Most voters are not concerned about the ceremonial position of presidential elector. The average voter does not derive any satisfaction, on Election Night, from knowing that some little-known person associated with his or her own political party won the honorary position of presidential elector. It is the rare voter who knows the name of any presidential elector. Moreover, most voters are concerned with which candidate won the White House, not which candidate carried their state (or district or county or precinct). Certainly, on Election Night in 2008, McCain’s Texas supporters were not celebrating because the Republican Party’s 34 nominees for the position of presidential electors would be meeting in Austin, Texas, on December 15, 2008.
Under the National Popular Vote plan, the focus of public attention in the months prior to a presidential election would be on polls of the popular vote from the entire United States—not just on state-level polls from a small handful of closely divided battleground states. In fact, the concept of a battleground state would become obsolete under the National Popular Vote compact, because every voter would matter in every state in every presidential election.
Tellingly, there was no voter rebellion in reaction to the enactment by Maine (in 1969) and Nebraska (in 1992) of state laws that permit the awarding of electoral votes to a candidate who does not carry the state. Similarly, there was no voter rebellion in Nebraska after Barack Obama carried the 2nd congressional district (the Omaha area) in the 2008 presidential election. The district system was the choice of the people’s elected representatives in Nebraska, and it was the law that governed the conduct of the presidential election in Nebraska in 2008. Nebraska’s law operated exactly as advertised in that it delivered one of the state’s five electoral votes to the winner of the 2nd district (Barack Obama), despite the fact that John McCain won the state as a whole.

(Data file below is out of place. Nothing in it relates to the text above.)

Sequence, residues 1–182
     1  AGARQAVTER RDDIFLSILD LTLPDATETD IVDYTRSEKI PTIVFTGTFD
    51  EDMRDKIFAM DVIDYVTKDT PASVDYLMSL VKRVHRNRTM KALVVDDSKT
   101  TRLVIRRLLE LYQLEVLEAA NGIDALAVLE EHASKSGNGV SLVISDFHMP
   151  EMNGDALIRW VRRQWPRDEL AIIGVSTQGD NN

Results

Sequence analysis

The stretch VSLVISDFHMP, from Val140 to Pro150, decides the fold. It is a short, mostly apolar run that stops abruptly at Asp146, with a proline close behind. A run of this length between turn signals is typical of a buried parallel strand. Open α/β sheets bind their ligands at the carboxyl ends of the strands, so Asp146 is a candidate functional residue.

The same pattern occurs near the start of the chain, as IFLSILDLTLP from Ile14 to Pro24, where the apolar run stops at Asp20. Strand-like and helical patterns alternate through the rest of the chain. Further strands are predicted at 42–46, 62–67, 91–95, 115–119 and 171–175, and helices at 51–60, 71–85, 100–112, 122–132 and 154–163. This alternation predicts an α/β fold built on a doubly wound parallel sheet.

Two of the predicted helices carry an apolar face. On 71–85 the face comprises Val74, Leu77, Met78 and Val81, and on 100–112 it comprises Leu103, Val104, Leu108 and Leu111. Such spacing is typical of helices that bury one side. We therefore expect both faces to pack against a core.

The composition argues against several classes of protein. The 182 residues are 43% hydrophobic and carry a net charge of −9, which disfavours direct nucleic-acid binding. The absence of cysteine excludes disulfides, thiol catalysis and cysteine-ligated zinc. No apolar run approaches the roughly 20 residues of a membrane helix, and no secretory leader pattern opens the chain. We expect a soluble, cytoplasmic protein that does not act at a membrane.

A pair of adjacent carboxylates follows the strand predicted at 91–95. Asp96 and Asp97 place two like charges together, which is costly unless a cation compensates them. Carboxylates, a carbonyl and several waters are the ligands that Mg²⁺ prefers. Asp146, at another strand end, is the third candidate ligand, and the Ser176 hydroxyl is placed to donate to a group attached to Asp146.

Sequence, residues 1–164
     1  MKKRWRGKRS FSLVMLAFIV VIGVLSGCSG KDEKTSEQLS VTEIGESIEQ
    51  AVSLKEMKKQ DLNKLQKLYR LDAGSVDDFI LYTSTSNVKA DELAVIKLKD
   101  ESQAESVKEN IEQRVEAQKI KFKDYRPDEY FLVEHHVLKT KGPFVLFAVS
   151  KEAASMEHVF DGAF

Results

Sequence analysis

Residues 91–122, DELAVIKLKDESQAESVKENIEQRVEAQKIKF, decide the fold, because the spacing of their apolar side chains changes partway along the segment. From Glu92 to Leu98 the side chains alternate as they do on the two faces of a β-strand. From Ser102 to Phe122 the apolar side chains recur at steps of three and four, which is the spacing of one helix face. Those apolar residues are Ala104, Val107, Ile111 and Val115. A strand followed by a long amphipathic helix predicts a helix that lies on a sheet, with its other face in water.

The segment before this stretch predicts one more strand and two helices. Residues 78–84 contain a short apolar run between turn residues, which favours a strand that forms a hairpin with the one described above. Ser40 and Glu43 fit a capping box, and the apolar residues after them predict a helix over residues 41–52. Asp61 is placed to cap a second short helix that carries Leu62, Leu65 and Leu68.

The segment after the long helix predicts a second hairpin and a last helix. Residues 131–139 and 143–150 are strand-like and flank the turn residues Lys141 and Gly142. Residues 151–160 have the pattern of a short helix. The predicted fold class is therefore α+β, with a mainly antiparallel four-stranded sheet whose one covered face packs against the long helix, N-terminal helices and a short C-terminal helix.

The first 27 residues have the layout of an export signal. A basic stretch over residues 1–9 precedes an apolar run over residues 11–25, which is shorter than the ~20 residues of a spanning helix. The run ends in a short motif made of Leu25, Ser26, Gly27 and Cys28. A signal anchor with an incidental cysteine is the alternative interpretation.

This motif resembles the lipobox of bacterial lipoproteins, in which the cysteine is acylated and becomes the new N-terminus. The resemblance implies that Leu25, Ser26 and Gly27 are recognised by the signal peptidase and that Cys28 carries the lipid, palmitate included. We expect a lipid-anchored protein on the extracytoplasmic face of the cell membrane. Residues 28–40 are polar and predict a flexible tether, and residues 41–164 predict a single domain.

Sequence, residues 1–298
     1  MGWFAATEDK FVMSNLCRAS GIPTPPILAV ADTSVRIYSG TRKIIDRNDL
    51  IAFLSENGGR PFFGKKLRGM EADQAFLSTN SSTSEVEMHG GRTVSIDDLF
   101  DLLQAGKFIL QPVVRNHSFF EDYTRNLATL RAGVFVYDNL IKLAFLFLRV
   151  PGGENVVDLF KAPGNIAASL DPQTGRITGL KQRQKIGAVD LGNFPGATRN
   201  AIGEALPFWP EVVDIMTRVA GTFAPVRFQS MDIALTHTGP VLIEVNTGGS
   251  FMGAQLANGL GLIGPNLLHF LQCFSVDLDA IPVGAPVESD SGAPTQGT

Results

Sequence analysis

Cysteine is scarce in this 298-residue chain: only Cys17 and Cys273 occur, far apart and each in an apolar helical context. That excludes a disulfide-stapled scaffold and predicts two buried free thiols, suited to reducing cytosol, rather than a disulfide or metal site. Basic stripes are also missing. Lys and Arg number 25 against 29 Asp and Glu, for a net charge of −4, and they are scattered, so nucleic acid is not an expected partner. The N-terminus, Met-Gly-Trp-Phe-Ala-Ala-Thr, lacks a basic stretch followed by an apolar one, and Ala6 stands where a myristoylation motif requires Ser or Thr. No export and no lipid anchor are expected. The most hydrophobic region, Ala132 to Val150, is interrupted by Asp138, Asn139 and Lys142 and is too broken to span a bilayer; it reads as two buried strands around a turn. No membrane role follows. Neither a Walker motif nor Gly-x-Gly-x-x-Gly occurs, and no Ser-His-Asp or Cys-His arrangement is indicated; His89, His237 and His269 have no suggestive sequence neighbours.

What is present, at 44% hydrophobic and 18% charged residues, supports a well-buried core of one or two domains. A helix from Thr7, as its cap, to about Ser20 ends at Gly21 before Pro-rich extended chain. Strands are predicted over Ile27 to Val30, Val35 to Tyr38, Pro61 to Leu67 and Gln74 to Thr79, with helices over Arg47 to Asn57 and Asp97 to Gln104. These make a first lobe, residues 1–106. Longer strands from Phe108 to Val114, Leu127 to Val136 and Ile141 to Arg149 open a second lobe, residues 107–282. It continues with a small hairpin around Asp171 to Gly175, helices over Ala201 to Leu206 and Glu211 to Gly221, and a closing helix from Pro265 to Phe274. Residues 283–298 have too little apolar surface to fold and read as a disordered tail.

Not only was there no voter rebellion in Nebraska in the immediate aftermath of Obama receiving one of the state’s electoral votes on December 15, 2008, there was no voter rebellion in 2009, 2010, 2011, or 2012, when the Nebraska legislature had ample opportunity to replace Nebraska’s current law for awarding electoral votes on a district-by-district basis with the winner-take-all rule (i.e., awarding all of Nebraska’s five electoral votes to the candidate who receives the most popular votes in Nebraska). A bill to switch Nebraska to the winner-take-all rule was introduced in the Nebraska legislature in 2009, 2010, 2011, and 2012. However, the winner-take-all bill never moved out of legislative committee even though Republicans (the party that lost the one electoral vote to Obama in 2008) controlled the legislature by roughly a two-to-one margin during this entire period. 
Second, the voters would not be surprised or shocked when the national popular vote winner becomes President under the National Popular Vote plan. The environment of a future presidential election under the National Popular Vote plan would consist of the following elements:
Third, the conjectured voter rebellion would not occur, because most voters are not attached to the current state-by-state winner-take-all method of electing the President. To the contrary—most voters favor a national popular vote for President.
For example, a survey of 800 Utah voters conducted on May 19–20, 2009, showed 70% overall support for the idea that the President of the United States should be the candidate who receives the most popular votes in all 50 states. Voters were asked:
“How do you think we should elect the President: Should it be the candidate who gets the most votes in all 50 states, or the current Electoral College system?”
By political affiliation, support for a national popular vote on the first question was 82% among Democrats, 66% among Republicans, and 75% among others. By gender, support was 78% among women and 60% among men. By age, support was 70% among 18–29 year-olds, 70% among 30–45 year-olds, 70% among 46–65 year-olds, and 68% for those older than 65.